Orchestra/Ensemble:  Royal Philharmonic Orchestra,  Bournemouth Symphony Orchestra
Period: 20th Century 
Written: 1944-1947; England 
4.
Fantasia on a theme by Thomas Tallis by Ralph Vaughan Williams
Conductor:  Sir Alexander Gibson,  Paavo Berglund,  Constantin Silvestri
Orchestra/Ensemble:  Royal Philharmonic Orchestra,  Bournemouth Symphony Orchestra
Period: 20th Century 
Written: 1910/1919; England 
5.
The wasps: Overture by Ralph Vaughan Williams
Conductor:  Sir Alexander Gibson,  Paavo Berglund,  Constantin Silvestri
Orchestra/Ensemble:  Royal Philharmonic Orchestra,  Bournemouth Symphony Orchestra
Period: 20th Century 
Written: 1909; England 
6.
Concerto for Oboe in A minor by Ralph Vaughan Williams
Performer:  John Williams (Oboe)
Conductor:  Sir Alexander Gibson,  Paavo Berglund
Orchestra/Ensemble:  Royal Philharmonic Orchestra,  Bournemouth Symphony Orchestra
Period: 20th Century 
Written: 1944; England 

Sound Samples

The Wasps - Aristophanic Suite: Overture
Fantasia on a Theme by Thomas Tallis
Oboe Concerto in A minor: I. Rondo pastorale (Allegro moderato)
Oboe Concerto in A minor: II. Minuet and Musette (Allegro moderato)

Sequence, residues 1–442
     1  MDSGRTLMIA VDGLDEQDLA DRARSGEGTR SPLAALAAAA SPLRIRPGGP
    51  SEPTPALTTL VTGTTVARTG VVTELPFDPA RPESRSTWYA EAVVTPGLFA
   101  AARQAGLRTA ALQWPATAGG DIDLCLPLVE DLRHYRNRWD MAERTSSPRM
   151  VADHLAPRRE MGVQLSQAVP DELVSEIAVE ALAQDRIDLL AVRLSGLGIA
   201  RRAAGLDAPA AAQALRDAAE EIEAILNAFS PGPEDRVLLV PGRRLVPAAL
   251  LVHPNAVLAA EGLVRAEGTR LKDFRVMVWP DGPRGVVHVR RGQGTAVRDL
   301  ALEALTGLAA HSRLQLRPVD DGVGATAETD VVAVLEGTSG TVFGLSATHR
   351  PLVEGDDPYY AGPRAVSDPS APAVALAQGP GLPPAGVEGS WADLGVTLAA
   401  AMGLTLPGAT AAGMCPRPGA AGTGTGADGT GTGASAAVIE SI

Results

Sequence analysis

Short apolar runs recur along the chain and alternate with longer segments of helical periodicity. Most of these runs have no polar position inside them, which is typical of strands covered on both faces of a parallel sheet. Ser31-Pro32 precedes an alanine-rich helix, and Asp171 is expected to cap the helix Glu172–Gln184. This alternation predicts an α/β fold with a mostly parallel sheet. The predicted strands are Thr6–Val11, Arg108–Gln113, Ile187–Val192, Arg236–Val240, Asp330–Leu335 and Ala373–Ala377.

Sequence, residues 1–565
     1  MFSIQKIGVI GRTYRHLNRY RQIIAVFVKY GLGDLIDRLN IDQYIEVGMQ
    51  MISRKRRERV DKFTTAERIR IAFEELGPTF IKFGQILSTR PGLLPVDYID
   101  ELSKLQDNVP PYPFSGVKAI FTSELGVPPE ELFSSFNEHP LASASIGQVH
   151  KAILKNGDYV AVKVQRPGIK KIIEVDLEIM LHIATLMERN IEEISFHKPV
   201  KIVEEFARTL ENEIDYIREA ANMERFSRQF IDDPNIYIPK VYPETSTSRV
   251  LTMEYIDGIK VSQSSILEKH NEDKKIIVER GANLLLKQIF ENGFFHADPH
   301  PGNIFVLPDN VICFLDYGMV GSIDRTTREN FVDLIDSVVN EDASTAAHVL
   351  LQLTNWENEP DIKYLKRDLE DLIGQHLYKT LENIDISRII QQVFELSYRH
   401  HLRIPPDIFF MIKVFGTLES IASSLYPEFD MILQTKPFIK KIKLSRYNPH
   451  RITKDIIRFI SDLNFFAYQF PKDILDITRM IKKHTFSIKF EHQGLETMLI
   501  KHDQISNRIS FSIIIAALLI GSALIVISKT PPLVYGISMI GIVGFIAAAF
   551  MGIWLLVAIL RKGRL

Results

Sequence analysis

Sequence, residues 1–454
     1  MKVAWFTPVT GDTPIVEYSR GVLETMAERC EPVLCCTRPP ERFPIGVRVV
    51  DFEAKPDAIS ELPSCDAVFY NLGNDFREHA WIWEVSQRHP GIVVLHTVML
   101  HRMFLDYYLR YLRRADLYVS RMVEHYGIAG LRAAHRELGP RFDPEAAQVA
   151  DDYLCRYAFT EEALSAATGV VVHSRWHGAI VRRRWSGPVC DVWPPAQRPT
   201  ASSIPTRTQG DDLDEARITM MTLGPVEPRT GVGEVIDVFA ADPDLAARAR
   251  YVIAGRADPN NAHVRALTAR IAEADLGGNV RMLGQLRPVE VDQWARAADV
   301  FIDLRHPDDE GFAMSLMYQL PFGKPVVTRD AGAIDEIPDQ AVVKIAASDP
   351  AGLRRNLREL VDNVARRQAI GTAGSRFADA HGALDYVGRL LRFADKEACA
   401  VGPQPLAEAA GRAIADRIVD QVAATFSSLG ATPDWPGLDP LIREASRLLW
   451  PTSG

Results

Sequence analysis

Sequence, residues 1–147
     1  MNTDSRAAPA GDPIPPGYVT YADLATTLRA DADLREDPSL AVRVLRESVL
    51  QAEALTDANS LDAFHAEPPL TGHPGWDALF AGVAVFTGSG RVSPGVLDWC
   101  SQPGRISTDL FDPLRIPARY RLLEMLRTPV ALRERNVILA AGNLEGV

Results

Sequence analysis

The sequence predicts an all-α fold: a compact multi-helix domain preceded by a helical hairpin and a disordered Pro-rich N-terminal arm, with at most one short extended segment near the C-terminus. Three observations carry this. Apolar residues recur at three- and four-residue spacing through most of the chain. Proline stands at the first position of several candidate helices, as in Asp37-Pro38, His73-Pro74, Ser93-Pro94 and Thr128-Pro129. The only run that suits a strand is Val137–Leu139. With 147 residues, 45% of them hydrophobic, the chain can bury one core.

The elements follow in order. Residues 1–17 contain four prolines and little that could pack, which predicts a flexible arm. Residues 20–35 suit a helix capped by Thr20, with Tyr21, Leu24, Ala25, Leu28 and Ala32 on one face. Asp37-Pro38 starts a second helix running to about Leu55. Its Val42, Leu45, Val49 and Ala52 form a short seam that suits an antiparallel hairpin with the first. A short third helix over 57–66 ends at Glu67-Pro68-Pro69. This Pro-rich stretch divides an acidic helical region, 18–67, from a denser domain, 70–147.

Oboe Concerto in A minor: III. Finale: Scherzo (Presto - Lento - Presto)
Symphony No. 4 in F minor: I. Allegro
Symphony No. 4 in F minor: II. Andante moderato
Symphony No. 4 in F minor: III. Scherzo (Allegro molto)
Symphony No. 4 in F minor: IV. Finale (Allegro molto) con
Symphony No. 4 in F minor: epilogo fugato (Con anima)
Symphony No. 5 in D: I. Preludio (Moderato - Allegro - Tempo I)
Symphony No. 5 in D: II. Scherzo (Presto misterioso)
Symphony No. 5 in D: III. Romanza (Lento)
Symphony No. 5 in D: IV. Passacaglia (Moderato - Allegro - Tempo primo - Tempo del Preludio)
Symphony No. 6 in E minor: I. Allegro -
Symphony No. 6 in E minor: II. Moderato -
Symphony No. 6 in E minor: III. Scherzo (Allegro vivace) -
Symphony No. 6 in E minor: IV. Epilogue (Moderato)